Alone in my room, once again. I slip my shoes off and jump into my bed. I pull out my journal. All of my thoughts and emotions are in one small pink book. God knows what I would do if I lost it. And I start to write in it revealing, once again, a deep secret.

Dear Journal,

I know what I've done is wrong. I know that it is a sin. But I have no one but myself. I can't tell my dad about this, he'll be too upset. I have no other choice, no other way to cope with my anger and frustration. No one is on my side. No one gives a shit. No one cares. No one will ever understand no matter how much I explain. I will never be good enough for anyone. I will never fit in. I will never make my dad proud of me. I will never make myself proud. My mom will never support me. My little sister will never look up to me.

And that's when I lost it. The anger had definitely built up. The frustration definitely overpowered me. I search my drawer for my hidden razor. This is what makes me feel better, this pain relieves my pain. The razor touches my arm, I sigh of relief. My thoughts have gone silent… the world is peaceful for a few more minutes. But this isn't right. I shouldn't be doing this to myself. I am better than this.

Quickly, I know the solution. It's time to tell someone.

"Emelyyyyyyy!" I yell so my sister can hear from across the hallway. She comes in with an annoyed look on her face.

"What?" she says.

"I need to talk to you. Promise me this stays between us."

"I promise," she says.

"Cross your heart?"

"Yes, cross my heart," she says while we both gesture a cross sign in front of our chest.

I explain to her what I've been feeling. I tell her what I've been doing to myself but she looks confused. Her facial expression brings tears to my eyes. Then she begins to speak. I see her mouth moving but I hear nothing. She looks upset and her eyes start to water. She looks at me with concern. She's still talking but everything seems blurry, including her words.  All of a sudden, she says nothing. The room falls into deep silence but I still can't make out her image. Then she begins to cry. My mood changes instantly. Suddenly, I feel the hurt again. I can read her eyes, see her emotions. I weep at the thought of me hurting my sister. I weep at the thought of letting her down.

"I'm sorry," I mouth.

She looks up and says nothing. But I know what she's thinking… her emotions and my emotions in a room that we share. Never have I felt that kind of pain before, and never will I ever wish it upon anyone.

"I don't want to hurt anymore. I don't want to hurt you anymore," I cry.

Emely looks up at me, she wipes away my tears. "You don't have to."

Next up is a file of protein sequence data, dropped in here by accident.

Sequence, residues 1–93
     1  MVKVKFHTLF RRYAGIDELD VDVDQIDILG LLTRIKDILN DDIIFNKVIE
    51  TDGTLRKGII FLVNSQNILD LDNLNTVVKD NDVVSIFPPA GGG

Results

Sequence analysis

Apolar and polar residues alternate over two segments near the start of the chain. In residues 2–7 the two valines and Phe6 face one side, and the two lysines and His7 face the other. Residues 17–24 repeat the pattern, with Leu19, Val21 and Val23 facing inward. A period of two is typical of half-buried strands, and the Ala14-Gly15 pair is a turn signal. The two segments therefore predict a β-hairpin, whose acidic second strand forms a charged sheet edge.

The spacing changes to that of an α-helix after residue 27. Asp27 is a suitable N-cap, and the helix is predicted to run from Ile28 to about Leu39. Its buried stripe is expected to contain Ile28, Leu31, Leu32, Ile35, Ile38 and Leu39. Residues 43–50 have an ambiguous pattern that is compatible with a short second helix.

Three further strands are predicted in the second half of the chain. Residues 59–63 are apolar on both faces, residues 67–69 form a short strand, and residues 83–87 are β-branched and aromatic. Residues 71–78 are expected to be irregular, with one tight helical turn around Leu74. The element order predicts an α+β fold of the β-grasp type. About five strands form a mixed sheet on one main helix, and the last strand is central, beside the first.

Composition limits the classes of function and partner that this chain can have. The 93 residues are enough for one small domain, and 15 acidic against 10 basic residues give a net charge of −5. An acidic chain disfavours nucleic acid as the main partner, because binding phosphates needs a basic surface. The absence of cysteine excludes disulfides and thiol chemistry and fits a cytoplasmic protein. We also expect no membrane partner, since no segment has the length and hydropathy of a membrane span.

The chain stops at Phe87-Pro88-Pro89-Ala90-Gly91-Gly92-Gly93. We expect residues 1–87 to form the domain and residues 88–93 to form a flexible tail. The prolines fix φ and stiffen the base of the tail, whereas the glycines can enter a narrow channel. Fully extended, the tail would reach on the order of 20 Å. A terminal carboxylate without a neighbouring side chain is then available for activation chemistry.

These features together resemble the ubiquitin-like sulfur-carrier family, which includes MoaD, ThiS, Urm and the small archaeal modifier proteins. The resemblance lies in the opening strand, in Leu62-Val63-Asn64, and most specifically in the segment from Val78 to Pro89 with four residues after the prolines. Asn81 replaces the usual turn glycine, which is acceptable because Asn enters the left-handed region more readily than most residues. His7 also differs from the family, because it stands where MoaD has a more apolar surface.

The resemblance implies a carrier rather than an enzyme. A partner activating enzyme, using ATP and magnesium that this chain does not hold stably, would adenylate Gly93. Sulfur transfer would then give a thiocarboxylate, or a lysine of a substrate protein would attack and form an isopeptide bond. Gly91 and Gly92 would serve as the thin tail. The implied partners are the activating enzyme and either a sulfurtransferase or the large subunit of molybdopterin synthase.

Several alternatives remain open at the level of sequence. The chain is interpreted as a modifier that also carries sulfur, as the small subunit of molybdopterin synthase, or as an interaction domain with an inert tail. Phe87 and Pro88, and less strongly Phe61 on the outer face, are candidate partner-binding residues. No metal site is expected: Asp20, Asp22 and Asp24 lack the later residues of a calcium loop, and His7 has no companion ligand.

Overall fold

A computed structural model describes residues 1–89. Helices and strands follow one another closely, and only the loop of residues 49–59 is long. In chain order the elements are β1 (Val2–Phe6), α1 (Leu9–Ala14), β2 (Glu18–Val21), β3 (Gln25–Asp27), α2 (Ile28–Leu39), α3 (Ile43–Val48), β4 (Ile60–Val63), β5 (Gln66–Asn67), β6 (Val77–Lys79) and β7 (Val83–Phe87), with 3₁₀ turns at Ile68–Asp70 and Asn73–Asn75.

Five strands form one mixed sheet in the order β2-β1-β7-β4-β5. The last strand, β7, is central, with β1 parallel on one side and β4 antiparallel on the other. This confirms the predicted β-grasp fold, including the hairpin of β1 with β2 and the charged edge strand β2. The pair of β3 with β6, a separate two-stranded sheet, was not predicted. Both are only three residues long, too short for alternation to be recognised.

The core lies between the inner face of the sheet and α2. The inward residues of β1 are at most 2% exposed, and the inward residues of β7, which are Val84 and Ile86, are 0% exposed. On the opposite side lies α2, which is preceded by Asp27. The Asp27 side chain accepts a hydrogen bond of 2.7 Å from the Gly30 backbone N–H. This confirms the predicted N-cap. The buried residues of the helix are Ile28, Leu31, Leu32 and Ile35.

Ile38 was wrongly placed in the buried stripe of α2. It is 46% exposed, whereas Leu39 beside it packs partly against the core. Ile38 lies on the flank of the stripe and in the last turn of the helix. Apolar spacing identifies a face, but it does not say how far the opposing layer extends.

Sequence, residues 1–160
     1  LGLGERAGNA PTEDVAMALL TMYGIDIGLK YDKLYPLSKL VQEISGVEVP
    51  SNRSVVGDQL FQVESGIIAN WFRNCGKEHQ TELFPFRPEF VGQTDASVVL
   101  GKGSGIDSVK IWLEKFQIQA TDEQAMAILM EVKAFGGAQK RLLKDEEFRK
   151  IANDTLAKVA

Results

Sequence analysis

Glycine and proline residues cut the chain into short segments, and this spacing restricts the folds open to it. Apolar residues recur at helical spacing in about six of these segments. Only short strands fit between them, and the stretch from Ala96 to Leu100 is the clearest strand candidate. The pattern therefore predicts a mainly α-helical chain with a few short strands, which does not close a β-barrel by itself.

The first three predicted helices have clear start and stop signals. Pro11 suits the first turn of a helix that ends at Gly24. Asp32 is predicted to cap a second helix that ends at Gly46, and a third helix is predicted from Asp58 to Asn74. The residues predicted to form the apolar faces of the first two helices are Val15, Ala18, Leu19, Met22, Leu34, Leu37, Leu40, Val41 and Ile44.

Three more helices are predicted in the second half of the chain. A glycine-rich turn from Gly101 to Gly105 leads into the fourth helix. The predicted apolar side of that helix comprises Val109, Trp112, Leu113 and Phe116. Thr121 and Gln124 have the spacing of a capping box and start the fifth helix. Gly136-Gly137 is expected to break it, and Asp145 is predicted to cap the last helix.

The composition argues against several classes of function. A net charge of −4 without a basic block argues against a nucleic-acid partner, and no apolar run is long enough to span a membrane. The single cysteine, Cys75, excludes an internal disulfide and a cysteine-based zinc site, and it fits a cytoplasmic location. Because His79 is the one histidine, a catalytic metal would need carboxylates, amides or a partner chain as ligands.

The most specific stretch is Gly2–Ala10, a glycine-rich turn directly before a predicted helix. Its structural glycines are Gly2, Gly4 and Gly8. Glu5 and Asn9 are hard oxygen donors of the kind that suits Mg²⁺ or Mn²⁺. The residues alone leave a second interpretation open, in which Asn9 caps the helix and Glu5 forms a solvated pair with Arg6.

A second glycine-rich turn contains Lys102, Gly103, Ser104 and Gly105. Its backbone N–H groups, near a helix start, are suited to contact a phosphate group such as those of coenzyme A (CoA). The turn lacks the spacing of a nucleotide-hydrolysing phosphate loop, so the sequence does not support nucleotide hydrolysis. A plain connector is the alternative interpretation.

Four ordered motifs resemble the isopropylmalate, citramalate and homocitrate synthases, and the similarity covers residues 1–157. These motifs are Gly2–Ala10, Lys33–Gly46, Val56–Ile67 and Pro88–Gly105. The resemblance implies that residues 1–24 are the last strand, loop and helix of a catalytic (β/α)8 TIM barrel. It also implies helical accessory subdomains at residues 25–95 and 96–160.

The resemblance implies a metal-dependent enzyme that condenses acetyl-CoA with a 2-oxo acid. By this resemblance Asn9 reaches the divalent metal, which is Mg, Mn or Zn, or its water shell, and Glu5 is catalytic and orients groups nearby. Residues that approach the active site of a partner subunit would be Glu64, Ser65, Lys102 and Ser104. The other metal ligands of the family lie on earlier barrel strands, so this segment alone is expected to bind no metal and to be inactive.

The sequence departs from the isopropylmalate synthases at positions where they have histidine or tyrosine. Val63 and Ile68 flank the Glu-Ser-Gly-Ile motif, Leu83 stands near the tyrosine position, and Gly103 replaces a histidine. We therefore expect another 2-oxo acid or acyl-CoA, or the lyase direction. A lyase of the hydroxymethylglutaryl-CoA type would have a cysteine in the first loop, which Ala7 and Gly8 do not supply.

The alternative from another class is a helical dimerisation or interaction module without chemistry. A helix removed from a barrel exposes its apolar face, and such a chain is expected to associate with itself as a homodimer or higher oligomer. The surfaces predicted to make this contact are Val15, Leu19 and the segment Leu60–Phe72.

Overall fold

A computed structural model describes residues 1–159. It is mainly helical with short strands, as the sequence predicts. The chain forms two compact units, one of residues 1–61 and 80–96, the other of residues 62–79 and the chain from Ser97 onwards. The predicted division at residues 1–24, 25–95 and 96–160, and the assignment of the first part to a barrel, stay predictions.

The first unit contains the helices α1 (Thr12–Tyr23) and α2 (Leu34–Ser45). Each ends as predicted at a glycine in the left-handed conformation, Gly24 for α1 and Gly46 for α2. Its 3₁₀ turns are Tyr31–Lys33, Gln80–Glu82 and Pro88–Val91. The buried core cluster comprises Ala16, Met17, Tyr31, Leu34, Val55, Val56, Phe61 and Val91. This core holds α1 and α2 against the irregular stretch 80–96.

Now, I know my little sister is the stronger one. She is my pedestal, she is my rock. God has blessed me with my sister.

Osvaldo Nunez

SUNY Old Westbury
Youth Writing for Justice Project

It was a beautiful yellow evening, and the sky's breath had chased me out of the hot concrete that was the streets of New York. There was some kind of wish inside me, a wish to receive the blessing of the air conditioners whistling through the tired carts of the MTA. The stairs were rushed and faces blurred back and forth; only beauties were sharply defined in my eyes. It was only a few minutes till the next train to my destination would dock in, and, in those few minutes, time slowed down.

Almost for some ethical reason, I always hated myself for thinking too much... Simplistic ways of thinking ruled the streets, I thought.  Simplistic ways of thinking killed the worries, I thought. A moving chair strolled down, with a despaired rust color to it. On it, sat a man, solemn in the face but prideful, as he did not beg. He was a miniscule man, shrunken to a torso-for-living and a head-for-preaching his experience and sorrow. He was probably this way from a war, perhaps a crash, and was left to die slowly in the fast moving space of New York. That's when my scorned side hit… Why think so much if it isn't me? It isn't me. I shall get on that train and swiftly breeze through that sight, and by the time the train was wet from sunlight, the sight of that man would be a memory. And once I was home enjoying my own life, that memory would have already been discarded. That's what happens to us victims of indifference. But the subconscious powers that spoke in my mind made me realize I was truly a blessed man; blessed in mediocre levels to most, but I was blessed, and so was every fast moving face nearby, blessed to be able to move that swiftly. 

The seat remained where it was, perhaps with no true destination, his original dream gone with the wind along with his limbs. I looked him in the face. It wasn't like mine. It wasn't like theirs either. A façade portraying strength and the lack of need of help, but his eyes, they didn't lie; eyes never lie. His eyes spoke true experience, true pain, true sorrow, true sadness, true loneliness, true despair—hopelessness. His eyes were a desert, dry of all life that once flew through its colorful skies that once drank from the lake of dreams, now dry. But not once did his eyes ever beg, or self-pitied.

Justice, what is that?  Justice just is, a translation; but then, what is just? And so, I can only assume that my justice in that moment could have been different than the other people there. Certainly, there was a social injustice trailing around the rust color of his chair and the old promise he was guaranteed was obviously a lie. Whoever promised him, what is justice to them?  Whoever promised us limb-filled and complete, what is justice to them? To society, what is justice? And are we exploiting our divine luck? Which justice chose that man, and which justice chose you and I? And which justice chose the CEO of the next sky-piercer in vision? A true smell of injustice only seen by the naked eye, certainly brews.